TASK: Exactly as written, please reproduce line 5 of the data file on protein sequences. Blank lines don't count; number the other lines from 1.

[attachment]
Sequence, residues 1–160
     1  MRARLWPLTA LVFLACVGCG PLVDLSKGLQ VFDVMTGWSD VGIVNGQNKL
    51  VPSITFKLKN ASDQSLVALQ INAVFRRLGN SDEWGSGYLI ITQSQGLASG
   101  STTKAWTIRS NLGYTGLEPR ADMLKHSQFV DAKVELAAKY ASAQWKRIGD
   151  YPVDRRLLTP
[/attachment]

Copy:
   151  YPVDRRLLTP